NBA looks internationally with G League Franchise in Mexico City

The NBA just showed everyone why it is the most dynamic league in sports with the announcement of its landmark partnership with the Capitanes, the first professional G League team outside of the U.S. and Canada. Between the NBA, NFL and MLB, all three associations have had an eye towards international expansion and have played games in Mexico, England, Japan, China and Australia in recent years. However, the NBA has become the first to officially open a franchise outside of the U.S.-Canadian markets. The Capitanes were established in 2016 and currently play in Mexico’s own professional basketball league, la Liga Nacional de Baloncesto Profesional, however will debut in the G League in the 2020-2021 season for an initial term of 5 years.

The possibilities with this move are endless and really allows the NBA to become creative in rethinking the G League and minor league basketball as a whole. For one, the Capitanes will be playing at the Gimnasio Juan de la Barrera in Mexico City which represents the largest media market in North America. The NBA can test this market for its viability for professional basketball, leaving the door open to a potential NBA league team in the future and could even become a two-team city like New York or Los Angeles down the road.

As evidence, for the fourth season in a row, Mexico City has been the host to two regular season games and saw the Mavericks and Pistons play this week in an event that underscored the global nature of NBA. Before the game, Luka Doncic, a Slovenian 20-year old who played for Real Madrid, addressed a crowd in fluent Spanish while representing a team from Texas. You can watch the clip here and instantly recognize the opportunity that exists for the NBA in Mexico.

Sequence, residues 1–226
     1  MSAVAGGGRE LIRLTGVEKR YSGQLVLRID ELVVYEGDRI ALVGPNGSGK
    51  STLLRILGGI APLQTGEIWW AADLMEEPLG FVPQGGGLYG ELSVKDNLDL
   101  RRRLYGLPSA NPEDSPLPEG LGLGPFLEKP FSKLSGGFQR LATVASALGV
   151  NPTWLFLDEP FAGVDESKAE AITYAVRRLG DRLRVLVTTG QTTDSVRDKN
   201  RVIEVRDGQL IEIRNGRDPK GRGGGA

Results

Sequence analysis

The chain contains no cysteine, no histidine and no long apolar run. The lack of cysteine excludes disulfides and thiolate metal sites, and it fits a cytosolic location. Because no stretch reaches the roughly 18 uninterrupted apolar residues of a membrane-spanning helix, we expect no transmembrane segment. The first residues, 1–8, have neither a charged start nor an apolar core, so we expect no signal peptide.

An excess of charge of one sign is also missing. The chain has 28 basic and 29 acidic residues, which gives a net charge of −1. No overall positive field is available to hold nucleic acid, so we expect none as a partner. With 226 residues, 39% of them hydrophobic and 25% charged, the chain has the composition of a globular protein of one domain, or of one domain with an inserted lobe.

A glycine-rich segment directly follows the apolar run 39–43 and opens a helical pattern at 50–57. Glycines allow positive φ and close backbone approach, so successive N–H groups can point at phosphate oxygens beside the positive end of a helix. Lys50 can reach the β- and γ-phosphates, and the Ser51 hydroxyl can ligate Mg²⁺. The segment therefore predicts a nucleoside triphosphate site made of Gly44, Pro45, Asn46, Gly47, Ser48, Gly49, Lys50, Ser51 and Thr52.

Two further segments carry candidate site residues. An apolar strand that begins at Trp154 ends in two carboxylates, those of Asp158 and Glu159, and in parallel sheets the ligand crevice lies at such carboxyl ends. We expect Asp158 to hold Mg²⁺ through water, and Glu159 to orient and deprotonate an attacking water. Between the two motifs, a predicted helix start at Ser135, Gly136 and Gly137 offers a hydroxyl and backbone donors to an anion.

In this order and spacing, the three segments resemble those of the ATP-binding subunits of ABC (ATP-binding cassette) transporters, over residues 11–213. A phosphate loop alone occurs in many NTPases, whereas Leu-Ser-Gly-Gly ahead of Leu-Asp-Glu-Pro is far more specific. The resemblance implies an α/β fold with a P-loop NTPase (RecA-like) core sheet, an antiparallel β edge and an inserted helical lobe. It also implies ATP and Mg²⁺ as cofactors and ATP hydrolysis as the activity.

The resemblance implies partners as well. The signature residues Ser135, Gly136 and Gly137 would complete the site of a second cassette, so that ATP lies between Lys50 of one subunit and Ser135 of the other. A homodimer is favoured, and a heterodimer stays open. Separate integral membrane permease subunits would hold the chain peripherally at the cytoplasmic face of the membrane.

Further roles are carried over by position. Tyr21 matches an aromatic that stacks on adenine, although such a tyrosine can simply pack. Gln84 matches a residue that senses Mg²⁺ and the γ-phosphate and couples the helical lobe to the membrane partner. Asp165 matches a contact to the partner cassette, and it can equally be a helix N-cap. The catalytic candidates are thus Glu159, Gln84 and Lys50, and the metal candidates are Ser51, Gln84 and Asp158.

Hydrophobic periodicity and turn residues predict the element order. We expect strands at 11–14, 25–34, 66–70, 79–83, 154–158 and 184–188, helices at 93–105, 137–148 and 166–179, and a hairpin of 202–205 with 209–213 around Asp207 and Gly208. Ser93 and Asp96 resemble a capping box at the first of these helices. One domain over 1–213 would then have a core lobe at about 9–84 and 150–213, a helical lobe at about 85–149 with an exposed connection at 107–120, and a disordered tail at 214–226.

A large part of the NBA’s appeal is its diversity, both domestically and internationally. It has been praised as the “industry leader among men’s sports for racial and gender hiring practices” by TIDES, the authority on diversity and ethics in sports, while also boasting players from countries around the world such as superstars Giannis Antetokounmpo from Greece and Joel Embiid from Cameroon as well as retirees like Yao Ming of China and Spain’s Pau Gasol. Interestingly enough, though Hispanic viewers represent 11% of the NBA viewership, outside of Dominican-born Al Horford and Argentina’s Manu Ginobli, Latin America is not known for sending much talent to the NBA. However, the league’s expansion to Mexico could inspire a generation of NBA hopefuls and the next Latin American-born star might be the spark that lights up basketball culture across the region.